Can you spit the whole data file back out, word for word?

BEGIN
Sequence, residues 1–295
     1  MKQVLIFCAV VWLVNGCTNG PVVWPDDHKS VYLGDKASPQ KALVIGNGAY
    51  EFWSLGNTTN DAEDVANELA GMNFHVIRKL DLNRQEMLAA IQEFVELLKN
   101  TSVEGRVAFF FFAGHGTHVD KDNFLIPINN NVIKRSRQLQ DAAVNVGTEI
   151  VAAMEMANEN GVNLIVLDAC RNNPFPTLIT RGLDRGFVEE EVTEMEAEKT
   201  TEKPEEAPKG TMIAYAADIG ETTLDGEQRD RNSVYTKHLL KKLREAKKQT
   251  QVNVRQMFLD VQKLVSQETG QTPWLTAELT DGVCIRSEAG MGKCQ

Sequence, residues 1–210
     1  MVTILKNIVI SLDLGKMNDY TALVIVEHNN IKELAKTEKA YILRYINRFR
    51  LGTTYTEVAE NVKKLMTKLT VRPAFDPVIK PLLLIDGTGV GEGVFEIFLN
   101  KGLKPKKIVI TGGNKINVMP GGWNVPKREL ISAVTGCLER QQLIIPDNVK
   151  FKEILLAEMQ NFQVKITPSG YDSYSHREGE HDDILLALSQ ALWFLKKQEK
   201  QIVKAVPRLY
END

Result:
Sequence, residues 1–295
     1  MKQVLIFCAV VWLVNGCTNG PVVWPDDHKS VYLGDKASPQ KALVIGNGAY
    51  EFWSLGNTTN DAEDVANELA GMNFHVIRKL DLNRQEMLAA IQEFVELLKN
   101  TSVEGRVAFF FFAGHGTHVD KDNFLIPINN NVIKRSRQLQ DAAVNVGTEI
   151  VAAMEMANEN GVNLIVLDAC RNNPFPTLIT RGLDRGFVEE EVTEMEAEKT
   201  TEKPEEAPKG TMIAYAADIG ETTLDGEQRD RNSVYTKHLL KKLREAKKQT
   251  QVNVRQMFLD VQKLVSQETG QTPWLTAELT DGVCIRSEAG MGKCQ

Sequence, residues 1–210
     1  MVTILKNIVI SLDLGKMNDY TALVIVEHNN IKELAKTEKA YILRYINRFR
    51  LGTTYTEVAE NVKKLMTKLT VRPAFDPVIK PLLLIDGTGV GEGVFEIFLN
   101  KGLKPKKIVI TGGNKINVMP GGWNVPKREL ISAVTGCLER QQLIIPDNVK
   151  FKEILLAEMQ NFQVKITPSG YDSYSHREGE HDDILLALSQ ALWFLKKQEK
   201  QIVKAVPRLY